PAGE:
To determine cytologic changes in horses with recurrent airway obstruction (heaves) after administration of aerosolized beclomethasone dipropionate and dexamethasone parenterally.

Animals

6 horses with inducible and reversible heaves.

Procedure

Episodes of heaves were induced by exposure to moldy hay and straw for 7 days. Horses were assigned to treatment groups (aerosolized beclomethasone, parenterally administered dexamethasone, aerosolized propellant), and pulmonary inflammation was evaluated by serial cytologic examination of bronchoalveolar lavage (BAL) fluid samples obtained on days 0, 7, 10, 14, and 21. Total and differential cell counting and phenotypic analysis of lymphocyte subpopulations in BAL fluid were performed.

Results

7 days of natural challenge induced neutrophilic inflammation. Neutrophil counts in BAL fluid were reduced in beclomethasone- and dexamethasone-treated horses on days 10 and 14 but rebounded to pretreatment values on day 21. The proportion of proinflammatory lymphocyte subpopulations (CD4+ and B+) and MHC class-II antigen expression were increased on days 14 and 21 in propellant-treated horses, compared with beclomethasone- and dexamethasone-treated horses.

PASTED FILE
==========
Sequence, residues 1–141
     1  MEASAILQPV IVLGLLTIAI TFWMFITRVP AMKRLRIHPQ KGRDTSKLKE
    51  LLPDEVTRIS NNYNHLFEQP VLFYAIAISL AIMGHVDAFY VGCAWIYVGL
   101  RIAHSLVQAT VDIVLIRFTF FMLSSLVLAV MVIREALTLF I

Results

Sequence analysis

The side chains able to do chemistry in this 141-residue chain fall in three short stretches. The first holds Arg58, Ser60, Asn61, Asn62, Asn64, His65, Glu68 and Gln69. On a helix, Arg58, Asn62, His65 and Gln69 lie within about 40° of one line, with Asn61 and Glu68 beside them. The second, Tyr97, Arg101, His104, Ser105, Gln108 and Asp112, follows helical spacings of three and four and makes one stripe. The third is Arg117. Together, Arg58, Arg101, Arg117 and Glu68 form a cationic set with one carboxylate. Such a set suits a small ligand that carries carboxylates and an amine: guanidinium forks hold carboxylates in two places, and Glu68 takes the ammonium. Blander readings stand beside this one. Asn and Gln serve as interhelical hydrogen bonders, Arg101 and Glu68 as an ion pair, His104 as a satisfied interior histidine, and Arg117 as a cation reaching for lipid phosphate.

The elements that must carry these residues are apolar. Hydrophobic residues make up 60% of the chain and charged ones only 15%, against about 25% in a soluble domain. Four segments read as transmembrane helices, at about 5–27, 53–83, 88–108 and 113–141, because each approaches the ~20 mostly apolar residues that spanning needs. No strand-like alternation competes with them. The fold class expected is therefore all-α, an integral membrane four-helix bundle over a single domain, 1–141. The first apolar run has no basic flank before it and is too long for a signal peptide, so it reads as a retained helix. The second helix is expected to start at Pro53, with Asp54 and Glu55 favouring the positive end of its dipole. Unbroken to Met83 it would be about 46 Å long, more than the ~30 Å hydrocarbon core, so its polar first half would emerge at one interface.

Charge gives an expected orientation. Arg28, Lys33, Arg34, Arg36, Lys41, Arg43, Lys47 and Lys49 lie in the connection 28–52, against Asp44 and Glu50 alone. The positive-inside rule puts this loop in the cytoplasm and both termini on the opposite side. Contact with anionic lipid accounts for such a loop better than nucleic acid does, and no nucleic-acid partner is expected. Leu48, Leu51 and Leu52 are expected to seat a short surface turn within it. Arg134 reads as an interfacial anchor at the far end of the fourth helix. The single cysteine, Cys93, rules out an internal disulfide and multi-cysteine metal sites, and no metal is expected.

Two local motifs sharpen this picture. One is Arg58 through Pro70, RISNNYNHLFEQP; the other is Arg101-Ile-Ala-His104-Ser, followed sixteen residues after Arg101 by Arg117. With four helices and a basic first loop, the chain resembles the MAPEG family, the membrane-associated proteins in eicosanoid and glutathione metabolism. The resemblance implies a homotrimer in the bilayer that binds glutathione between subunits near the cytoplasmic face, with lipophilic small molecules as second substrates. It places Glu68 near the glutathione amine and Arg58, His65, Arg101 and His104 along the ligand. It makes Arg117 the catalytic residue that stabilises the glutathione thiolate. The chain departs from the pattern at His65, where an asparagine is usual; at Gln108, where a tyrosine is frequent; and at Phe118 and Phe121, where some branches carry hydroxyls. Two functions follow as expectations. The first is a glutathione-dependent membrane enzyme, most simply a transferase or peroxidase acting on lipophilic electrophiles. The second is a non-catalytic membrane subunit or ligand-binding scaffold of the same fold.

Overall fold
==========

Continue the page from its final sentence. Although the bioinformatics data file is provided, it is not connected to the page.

Conclusions

Aerosolized beclomethasone attenuated neutrophilic pulmonary inflammation and prevented alteration in lymphocyte subpopulations in horses with heaves. Results were similar to the response associated with parenterally administered dexamethasone. Short-term administration of aerosolized beclomethasone without minimizing environmental allergen exposure is not expected to provide prolonged anti-inflammatory benefit for horses with heaves. (Am J Vet Res 1998;59:1033–1038)

Free access
in American Journal of Veterinary Research

Bronchoalveolar lavage fluid samples were collected as described. 22 Briefly, a sterile 36-inch flexible 10F catheter d with a 3-mL balloon cuff was used to collect BALF samples from preweaned calves, and a sterile 59-inch flexible 24F catheter d with a 30-mL

Full access
in American Journal of Veterinary Research

after drug administration, and samples at 36 and 48 hours were collected by direct venipuncture of the left jugular vein. Bronchoalveolar lavage was performed 2, 4, 8, and 24 hours after drug administration. Experiment 2 involved intragastric

Full access
in American Journal of Veterinary Research

Abstract

Objectives

To determine whether tilmicosin alters neutrophil infiltration or function, induces neutrophil apoptosis, and affects accumulation of leukotriene B4 (LTB4) or tumor necrosis factor-alpha (TNF-α) in lungs of calves experimentally infected with Pasteurella haemolytica.